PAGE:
IUD (cont.)

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How is an IUD removed?

An IUD must be removed by a health care professional. It is very important that a woman not attempt to remove an IUD on her own, as serious problems may result. IUD removal is carried out by determining the position of the uterus, then locating and grasping the stings of the IUD with a special forceps or clamp. The health care professional will then remove the IUD by gentle traction on the strings.

Occasionally, the strings of the IUD will not be located. In these situations, the strings have often slipped higher into the cervical canal. Your health care professional can use special instruments to locate the strings and/or remove the IUD. Complications of IUD removal are rare, and removal can take place at any time. Some studies have shown that removal is easier during the menstrual period, when a woman's cervix is typically softer, than during other times in the menstrual cycle.

What are the risks and complications of intrauterine devices (IUDs)?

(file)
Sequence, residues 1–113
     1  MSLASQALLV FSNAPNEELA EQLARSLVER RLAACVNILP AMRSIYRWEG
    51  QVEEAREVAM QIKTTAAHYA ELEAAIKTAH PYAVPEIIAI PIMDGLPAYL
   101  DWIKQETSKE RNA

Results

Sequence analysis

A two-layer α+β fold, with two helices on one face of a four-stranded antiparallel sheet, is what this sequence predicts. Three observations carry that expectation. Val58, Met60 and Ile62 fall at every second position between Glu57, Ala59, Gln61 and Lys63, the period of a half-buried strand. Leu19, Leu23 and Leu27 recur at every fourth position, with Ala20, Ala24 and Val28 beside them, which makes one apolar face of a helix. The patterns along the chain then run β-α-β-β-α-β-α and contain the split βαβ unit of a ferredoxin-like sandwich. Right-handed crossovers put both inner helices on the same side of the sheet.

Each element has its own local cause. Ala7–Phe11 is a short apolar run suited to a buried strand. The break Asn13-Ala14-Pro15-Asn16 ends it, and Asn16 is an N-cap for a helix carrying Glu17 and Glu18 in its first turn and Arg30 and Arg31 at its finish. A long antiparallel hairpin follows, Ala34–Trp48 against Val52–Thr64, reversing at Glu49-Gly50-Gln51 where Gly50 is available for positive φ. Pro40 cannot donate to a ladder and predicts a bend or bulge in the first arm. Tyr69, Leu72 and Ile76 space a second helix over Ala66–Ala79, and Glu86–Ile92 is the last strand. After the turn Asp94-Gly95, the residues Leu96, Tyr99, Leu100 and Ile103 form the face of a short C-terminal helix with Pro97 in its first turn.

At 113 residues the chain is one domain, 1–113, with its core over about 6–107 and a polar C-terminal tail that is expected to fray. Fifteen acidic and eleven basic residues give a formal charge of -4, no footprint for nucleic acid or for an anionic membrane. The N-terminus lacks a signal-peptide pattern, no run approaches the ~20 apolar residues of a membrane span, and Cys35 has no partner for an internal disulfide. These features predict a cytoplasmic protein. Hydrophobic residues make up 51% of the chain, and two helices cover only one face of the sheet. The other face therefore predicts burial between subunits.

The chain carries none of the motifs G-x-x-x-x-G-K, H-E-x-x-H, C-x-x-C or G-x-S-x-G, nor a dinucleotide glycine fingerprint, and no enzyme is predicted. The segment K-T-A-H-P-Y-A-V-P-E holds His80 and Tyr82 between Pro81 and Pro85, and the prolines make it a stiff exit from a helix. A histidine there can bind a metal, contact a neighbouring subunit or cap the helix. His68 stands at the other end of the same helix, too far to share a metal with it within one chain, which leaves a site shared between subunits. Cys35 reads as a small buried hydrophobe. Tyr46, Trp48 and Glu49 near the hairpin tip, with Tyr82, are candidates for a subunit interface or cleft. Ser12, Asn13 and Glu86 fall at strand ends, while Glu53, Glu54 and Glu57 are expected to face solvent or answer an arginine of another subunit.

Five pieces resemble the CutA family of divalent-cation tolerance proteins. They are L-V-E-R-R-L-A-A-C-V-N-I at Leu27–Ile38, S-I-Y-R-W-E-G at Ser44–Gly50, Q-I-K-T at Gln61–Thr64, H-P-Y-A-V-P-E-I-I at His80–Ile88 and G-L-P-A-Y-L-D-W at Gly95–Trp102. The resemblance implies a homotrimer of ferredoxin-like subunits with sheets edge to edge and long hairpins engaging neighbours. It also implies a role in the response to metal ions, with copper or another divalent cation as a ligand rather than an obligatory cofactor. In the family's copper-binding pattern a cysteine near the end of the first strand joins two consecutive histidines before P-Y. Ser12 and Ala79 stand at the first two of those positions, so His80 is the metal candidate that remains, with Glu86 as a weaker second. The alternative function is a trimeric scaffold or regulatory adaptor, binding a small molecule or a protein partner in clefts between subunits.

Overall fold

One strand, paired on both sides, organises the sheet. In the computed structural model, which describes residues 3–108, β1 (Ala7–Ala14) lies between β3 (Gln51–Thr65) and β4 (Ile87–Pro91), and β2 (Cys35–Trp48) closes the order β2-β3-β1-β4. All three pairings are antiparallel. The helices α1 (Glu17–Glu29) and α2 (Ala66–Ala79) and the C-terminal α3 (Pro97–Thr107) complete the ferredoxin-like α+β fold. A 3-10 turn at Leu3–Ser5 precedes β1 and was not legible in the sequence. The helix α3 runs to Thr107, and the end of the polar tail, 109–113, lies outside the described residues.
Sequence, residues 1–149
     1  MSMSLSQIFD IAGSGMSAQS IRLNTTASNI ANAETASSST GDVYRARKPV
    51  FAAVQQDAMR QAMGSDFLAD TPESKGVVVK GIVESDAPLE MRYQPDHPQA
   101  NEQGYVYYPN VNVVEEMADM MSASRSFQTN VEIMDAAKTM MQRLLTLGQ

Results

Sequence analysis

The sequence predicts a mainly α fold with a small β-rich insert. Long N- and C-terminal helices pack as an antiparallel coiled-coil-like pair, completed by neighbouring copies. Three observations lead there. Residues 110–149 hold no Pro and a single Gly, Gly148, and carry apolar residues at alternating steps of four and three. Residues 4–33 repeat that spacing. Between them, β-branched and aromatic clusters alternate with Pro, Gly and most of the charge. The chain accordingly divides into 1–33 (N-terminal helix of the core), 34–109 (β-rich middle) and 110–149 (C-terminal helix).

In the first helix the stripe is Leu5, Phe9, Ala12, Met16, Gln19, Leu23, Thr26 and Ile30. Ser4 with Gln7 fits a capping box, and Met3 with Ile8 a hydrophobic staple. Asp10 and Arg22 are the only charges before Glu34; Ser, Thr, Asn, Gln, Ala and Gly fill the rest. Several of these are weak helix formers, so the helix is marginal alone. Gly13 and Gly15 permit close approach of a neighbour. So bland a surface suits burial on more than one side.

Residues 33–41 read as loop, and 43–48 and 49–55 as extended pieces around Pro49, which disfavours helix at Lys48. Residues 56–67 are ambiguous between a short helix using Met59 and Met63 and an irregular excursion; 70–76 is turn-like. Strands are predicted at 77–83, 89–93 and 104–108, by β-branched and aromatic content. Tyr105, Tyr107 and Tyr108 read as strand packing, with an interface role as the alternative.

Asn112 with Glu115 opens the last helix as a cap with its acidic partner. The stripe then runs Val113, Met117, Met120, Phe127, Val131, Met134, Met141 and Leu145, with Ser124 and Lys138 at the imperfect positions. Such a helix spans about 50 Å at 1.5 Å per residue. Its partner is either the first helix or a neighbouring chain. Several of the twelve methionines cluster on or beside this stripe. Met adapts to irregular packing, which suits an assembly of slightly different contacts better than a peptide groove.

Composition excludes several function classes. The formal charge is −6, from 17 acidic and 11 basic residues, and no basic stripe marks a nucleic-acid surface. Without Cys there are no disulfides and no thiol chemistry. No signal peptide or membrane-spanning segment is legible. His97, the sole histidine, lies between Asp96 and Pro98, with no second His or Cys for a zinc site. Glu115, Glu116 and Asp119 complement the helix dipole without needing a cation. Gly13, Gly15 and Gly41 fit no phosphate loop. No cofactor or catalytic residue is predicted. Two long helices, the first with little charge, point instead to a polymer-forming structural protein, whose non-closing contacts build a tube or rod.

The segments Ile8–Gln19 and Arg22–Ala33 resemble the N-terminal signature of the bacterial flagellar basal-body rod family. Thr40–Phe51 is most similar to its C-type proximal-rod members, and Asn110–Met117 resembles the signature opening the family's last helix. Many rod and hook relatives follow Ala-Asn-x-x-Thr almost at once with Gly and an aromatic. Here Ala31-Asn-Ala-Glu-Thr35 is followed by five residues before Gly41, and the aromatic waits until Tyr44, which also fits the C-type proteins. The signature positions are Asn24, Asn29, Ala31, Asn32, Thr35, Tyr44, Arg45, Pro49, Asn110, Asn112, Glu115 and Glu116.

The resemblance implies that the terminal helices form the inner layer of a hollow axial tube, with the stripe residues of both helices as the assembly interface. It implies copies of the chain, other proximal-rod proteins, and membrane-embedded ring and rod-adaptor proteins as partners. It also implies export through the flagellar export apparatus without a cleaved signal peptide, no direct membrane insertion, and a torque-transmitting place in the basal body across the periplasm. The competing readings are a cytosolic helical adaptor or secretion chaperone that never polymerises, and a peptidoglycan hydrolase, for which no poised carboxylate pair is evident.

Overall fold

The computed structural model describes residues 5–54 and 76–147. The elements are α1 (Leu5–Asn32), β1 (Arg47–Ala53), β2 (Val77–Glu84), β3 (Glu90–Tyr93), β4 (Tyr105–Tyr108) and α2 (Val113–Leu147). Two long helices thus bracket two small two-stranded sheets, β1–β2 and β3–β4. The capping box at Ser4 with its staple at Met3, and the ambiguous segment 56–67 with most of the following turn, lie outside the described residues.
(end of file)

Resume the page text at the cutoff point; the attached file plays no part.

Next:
An IUD may not be appropriate for women who have heavy menstrual bleeding, had previous pelvic infections, have more than one sexual partner, or plan on getting pregnant. This is because IUDs do not protect against sexually transmitted infections (STDs) and should not be in place if a woman intends to become pregnant.

If women become pregnant with their IUDs in place, 50% of the pregnancies end in miscarriage.

Women who use non-progesterone types of IUDs are less likely to have an ectopic pregnancy compared to women using no contraception. When a woman using an IUD does become pregnant, the pregnancy is more likely to be ectopic, but still ectopic pregnancy in a user of an IUD is a rare occurrence.

Serious complications due to infection associated with an IUD may prevent a woman from being able to become pregnant in the future.

Also, with the progesterone-releasing IUD (levonorgestrel IUD), a reduction in menstrual flow and a decrease in painful menstrual cramping are often observed with continued use. This is because the progesterone hormone can cause thinning of the lining of the uterus. These menstrual changes are not dangerous in any way and do not mean that the contraceptive action of the IUD is diminished.

The IUD provides no protection against sexually transmitted diseases (STDs).

Mikio A Nihira, MD; American Board of Obstetrics & Gynecology

REFERENCE:

MedscapeReference. Contraception.


Medically Reviewed by a Doctor on 2/10/2014

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